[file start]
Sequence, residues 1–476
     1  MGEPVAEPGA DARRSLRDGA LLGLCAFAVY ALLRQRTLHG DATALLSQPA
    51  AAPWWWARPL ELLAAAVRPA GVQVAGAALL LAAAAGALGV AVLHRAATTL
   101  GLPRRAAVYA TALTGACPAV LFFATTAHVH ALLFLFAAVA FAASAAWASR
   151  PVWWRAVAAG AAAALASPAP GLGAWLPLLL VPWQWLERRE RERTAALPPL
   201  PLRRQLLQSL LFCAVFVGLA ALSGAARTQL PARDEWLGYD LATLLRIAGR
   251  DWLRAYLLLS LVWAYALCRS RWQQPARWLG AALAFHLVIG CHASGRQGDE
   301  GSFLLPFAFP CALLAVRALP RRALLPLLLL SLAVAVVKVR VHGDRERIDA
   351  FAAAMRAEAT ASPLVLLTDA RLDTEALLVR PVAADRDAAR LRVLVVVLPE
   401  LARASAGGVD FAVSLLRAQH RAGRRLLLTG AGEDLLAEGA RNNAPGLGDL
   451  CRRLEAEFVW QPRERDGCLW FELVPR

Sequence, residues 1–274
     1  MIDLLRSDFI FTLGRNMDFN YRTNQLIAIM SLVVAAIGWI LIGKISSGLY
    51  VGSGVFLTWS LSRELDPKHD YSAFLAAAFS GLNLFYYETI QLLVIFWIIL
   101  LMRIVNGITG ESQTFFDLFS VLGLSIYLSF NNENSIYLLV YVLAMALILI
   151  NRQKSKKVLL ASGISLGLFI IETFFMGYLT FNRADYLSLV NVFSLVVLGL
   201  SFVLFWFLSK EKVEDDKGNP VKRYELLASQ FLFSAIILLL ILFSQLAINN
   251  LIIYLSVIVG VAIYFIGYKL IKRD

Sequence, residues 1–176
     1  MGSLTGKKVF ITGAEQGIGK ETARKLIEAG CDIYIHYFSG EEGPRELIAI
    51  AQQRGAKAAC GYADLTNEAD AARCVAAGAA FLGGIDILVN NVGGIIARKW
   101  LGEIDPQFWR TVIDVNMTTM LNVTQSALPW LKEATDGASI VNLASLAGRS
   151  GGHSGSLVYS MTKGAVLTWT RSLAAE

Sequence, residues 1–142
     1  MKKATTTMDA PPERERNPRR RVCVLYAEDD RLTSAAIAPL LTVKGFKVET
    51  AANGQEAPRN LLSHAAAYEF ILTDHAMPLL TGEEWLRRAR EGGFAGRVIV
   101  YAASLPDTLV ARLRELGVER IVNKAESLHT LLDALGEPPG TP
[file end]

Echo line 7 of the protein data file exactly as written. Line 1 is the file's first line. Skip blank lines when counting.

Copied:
   251  DWLRAYLLLS LVWAYALCRS RWQQPARWLG AALAFHLVIG CHASGRQGDE